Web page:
Evolution of nested genes with special reference to cuticle proteins in Drosophila melanogaster

Etsuko N. Moriyama, Takashi Gojobori*

*Corresponding author for this work

Research output: Contribution to journalArticlepeer-review

4 Scopus citations


One of the pupal cuticle protein (PCP) genes has been found within an intron of a Drosophila housekeeping gene (the Gart locus) that encodes three enzymes involved in the purine pathway. This intronic gene has been described as a gene within a gene, and the gene is now called a “nested” gene. Because the intronic PCP gene has sequence similarity with the larval cuticle protein (LCP) gene, it may have been derived from one of the LCP genes or their ancestral gene. We have studied possible phylogenetic relationships among these five genes by comparing nucleotide sequences of four LCP genes with that of the PCP gene. The results obtained suggest that the PCP gene may have originated from an ancestral gene before duplication of the LCP genes occurred. Using the number of synonymous (silent) substitutions, we then estimated the divergence time between the PCP gene and the LCP genes to be about 70 million years (Myr). The divergence time estimated is much larger than that for the sibling species of D. melanogaster (about 2.5 Myr), indicating that the “nested” gene structure can be seen not only in Drosophila melanogaster, but also in other distantly related Drosophila species.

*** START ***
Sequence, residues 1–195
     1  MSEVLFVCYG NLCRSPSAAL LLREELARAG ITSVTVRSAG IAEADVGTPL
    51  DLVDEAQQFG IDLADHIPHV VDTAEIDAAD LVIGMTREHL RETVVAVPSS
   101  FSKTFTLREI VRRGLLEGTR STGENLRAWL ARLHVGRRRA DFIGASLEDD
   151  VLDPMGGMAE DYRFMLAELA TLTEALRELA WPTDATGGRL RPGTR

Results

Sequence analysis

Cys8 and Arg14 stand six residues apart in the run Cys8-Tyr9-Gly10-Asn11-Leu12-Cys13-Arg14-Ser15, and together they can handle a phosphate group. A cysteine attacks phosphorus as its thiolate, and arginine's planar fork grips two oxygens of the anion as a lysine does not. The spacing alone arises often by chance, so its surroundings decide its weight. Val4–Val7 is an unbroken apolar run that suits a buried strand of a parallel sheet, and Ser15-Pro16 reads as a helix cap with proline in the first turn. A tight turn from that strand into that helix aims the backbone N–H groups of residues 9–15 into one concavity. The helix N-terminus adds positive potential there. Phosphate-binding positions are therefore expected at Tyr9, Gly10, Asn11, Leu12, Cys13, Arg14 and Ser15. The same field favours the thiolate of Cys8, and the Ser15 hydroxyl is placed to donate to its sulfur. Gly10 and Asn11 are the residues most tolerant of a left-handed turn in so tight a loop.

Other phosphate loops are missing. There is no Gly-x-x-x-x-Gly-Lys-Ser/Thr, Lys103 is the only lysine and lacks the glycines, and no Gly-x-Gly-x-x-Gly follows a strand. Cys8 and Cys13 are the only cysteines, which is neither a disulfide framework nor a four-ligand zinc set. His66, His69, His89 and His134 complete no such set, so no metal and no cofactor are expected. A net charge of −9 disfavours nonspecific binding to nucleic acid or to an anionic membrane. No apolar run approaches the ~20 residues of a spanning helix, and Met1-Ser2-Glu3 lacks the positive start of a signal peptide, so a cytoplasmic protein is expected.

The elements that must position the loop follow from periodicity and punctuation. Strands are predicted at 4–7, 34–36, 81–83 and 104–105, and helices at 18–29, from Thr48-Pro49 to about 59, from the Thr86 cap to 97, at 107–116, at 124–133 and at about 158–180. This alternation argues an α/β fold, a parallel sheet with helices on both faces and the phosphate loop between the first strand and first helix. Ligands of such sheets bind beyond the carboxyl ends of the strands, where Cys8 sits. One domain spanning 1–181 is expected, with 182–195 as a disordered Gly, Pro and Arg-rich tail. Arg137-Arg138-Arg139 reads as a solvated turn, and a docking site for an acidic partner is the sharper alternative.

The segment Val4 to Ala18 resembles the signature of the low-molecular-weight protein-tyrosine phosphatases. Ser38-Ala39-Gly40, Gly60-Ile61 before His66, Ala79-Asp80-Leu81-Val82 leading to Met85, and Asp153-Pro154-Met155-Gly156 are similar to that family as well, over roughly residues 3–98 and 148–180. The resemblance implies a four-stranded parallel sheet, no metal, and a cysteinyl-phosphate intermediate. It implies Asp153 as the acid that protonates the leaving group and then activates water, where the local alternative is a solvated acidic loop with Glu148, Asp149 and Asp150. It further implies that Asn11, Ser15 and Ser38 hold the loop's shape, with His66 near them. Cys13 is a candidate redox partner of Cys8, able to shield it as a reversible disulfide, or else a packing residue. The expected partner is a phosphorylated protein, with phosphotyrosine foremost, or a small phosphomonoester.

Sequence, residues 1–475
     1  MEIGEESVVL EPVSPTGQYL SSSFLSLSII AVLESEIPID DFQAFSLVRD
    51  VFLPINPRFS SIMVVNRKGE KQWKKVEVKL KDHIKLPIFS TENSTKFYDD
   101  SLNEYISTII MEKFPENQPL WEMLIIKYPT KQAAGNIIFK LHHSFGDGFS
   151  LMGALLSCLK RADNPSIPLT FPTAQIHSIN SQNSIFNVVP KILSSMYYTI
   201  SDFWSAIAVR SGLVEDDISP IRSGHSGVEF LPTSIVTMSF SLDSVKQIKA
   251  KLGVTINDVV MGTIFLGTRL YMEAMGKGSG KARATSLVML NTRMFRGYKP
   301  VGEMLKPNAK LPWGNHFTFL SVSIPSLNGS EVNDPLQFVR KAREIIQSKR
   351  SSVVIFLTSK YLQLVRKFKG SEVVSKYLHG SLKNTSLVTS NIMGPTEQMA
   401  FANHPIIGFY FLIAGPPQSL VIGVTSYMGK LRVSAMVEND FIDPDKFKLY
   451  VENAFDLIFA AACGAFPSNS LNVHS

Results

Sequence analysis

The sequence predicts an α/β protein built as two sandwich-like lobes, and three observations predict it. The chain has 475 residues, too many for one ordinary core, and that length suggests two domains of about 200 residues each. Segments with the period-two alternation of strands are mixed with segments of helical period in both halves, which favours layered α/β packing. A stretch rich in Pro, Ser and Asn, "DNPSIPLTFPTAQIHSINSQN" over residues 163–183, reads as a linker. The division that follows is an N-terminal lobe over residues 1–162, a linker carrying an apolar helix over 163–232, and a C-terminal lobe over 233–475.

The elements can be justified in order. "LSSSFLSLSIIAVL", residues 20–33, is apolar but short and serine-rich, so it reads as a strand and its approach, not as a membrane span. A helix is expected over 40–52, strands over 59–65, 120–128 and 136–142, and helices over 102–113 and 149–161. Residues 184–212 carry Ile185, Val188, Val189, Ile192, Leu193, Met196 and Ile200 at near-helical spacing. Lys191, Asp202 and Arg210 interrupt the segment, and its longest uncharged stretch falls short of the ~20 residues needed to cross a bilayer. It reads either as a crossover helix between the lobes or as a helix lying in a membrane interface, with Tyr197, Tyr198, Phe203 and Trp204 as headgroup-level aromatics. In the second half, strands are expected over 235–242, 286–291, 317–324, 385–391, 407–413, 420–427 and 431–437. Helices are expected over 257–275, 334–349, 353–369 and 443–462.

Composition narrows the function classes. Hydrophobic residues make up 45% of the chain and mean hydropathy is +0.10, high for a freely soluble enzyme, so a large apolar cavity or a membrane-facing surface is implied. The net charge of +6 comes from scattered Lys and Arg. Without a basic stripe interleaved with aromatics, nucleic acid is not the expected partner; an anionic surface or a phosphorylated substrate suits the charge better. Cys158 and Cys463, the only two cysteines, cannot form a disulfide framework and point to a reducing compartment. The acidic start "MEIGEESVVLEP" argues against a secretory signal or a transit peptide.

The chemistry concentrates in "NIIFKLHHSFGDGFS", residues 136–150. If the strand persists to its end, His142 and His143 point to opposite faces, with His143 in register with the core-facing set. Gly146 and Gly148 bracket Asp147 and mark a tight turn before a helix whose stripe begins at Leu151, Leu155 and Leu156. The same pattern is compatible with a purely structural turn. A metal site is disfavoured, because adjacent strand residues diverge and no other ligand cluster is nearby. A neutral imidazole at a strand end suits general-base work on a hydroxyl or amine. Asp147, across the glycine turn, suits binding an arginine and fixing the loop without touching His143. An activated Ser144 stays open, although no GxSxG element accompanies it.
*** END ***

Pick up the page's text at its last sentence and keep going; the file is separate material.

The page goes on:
Original languageEnglish (US)
Pages (from-to)391-397
Number of pages7
JournalJournal of Molecular Evolution
Issue number5
StatePublished - May 1989
Externally publishedYes


  • Cuticle gene
  • Drosophila
  • Molecular evolution
  • Nested genes
  • Substitution rate

ASJC Scopus subject areas

  • Ecology, Evolution, Behavior and Systematics
  • Molecular Biology
  • Genetics


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